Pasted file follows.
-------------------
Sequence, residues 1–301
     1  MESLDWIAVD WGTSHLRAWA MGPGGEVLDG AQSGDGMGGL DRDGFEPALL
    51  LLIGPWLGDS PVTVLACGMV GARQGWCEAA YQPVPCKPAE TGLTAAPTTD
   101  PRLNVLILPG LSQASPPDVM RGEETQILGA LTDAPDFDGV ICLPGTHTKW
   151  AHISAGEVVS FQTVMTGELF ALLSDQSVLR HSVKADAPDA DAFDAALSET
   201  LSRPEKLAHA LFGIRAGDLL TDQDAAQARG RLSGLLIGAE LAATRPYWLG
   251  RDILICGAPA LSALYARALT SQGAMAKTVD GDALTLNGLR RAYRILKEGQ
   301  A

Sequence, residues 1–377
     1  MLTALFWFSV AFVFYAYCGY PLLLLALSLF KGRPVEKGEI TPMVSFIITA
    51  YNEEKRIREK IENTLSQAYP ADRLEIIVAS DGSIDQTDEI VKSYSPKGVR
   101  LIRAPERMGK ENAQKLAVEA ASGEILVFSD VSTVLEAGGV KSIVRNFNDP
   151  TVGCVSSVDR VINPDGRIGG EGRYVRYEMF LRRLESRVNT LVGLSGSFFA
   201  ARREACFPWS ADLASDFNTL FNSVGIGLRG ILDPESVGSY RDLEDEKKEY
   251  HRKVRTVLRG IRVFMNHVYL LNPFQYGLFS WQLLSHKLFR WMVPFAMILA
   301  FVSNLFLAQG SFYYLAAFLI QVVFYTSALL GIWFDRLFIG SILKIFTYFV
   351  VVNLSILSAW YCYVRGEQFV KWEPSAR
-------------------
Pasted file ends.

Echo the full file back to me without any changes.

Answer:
Sequence, residues 1–301
     1  MESLDWIAVD WGTSHLRAWA MGPGGEVLDG AQSGDGMGGL DRDGFEPALL
    51  LLIGPWLGDS PVTVLACGMV GARQGWCEAA YQPVPCKPAE TGLTAAPTTD
   101  PRLNVLILPG LSQASPPDVM RGEETQILGA LTDAPDFDGV ICLPGTHTKW
   151  AHISAGEVVS FQTVMTGELF ALLSDQSVLR HSVKADAPDA DAFDAALSET
   201  LSRPEKLAHA LFGIRAGDLL TDQDAAQARG RLSGLLIGAE LAATRPYWLG
   251  RDILICGAPA LSALYARALT SQGAMAKTVD GDALTLNGLR RAYRILKEGQ
   301  A

Sequence, residues 1–377
     1  MLTALFWFSV AFVFYAYCGY PLLLLALSLF KGRPVEKGEI TPMVSFIITA
    51  YNEEKRIREK IENTLSQAYP ADRLEIIVAS DGSIDQTDEI VKSYSPKGVR
   101  LIRAPERMGK ENAQKLAVEA ASGEILVFSD VSTVLEAGGV KSIVRNFNDP
   151  TVGCVSSVDR VINPDGRIGG EGRYVRYEMF LRRLESRVNT LVGLSGSFFA
   201  ARREACFPWS ADLASDFNTL FNSVGIGLRG ILDPESVGSY RDLEDEKKEY
   251  HRKVRTVLRG IRVFMNHVYL LNPFQYGLFS WQLLSHKLFR WMVPFAMILA
   301  FVSNLFLAQG SFYYLAAFLI QVVFYTSALL GIWFDRLFIG SILKIFTYFV
   351  VVNLSILSAW YCYVRGEQFV KWEPSAR